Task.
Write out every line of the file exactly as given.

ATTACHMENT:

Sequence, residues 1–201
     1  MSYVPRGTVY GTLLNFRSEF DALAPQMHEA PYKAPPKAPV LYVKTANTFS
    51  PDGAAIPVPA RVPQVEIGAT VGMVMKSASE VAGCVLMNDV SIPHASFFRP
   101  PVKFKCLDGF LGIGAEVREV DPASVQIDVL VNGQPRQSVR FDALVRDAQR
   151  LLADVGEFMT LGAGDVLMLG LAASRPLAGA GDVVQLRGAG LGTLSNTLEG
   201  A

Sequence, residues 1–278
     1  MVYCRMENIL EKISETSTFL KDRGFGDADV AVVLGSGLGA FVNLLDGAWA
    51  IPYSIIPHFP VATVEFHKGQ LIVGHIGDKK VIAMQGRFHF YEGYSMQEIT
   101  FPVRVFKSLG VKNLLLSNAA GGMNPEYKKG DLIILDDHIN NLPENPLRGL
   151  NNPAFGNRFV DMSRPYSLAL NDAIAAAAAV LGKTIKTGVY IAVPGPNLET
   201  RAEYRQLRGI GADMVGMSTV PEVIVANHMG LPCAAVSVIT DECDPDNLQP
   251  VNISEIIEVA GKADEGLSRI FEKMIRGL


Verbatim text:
Sequence, residues 1–201
     1  MSYVPRGTVY GTLLNFRSEF DALAPQMHEA PYKAPPKAPV LYVKTANTFS
    51  PDGAAIPVPA RVPQVEIGAT VGMVMKSASE VAGCVLMNDV SIPHASFFRP
   101  PVKFKCLDGF LGIGAEVREV DPASVQIDVL VNGQPRQSVR FDALVRDAQR
   151  LLADVGEFMT LGAGDVLMLG LAASRPLAGA GDVVQLRGAG LGTLSNTLEG
   201  A

Sequence, residues 1–278
     1  MVYCRMENIL EKISETSTFL KDRGFGDADV AVVLGSGLGA FVNLLDGAWA
    51  IPYSIIPHFP VATVEFHKGQ LIVGHIGDKK VIAMQGRFHF YEGYSMQEIT
   101  FPVRVFKSLG VKNLLLSNAA GGMNPEYKKG DLIILDDHIN NLPENPLRGL
   151  NNPAFGNRFV DMSRPYSLAL NDAIAAAAAV LGKTIKTGVY IAVPGPNLET
   201  RAEYRQLRGI GADMVGMSTV PEVIVANHMG LPCAAVSVIT DECDPDNLQP
   251  VNISEIIEVA GKADEGLSRI FEKMIRGL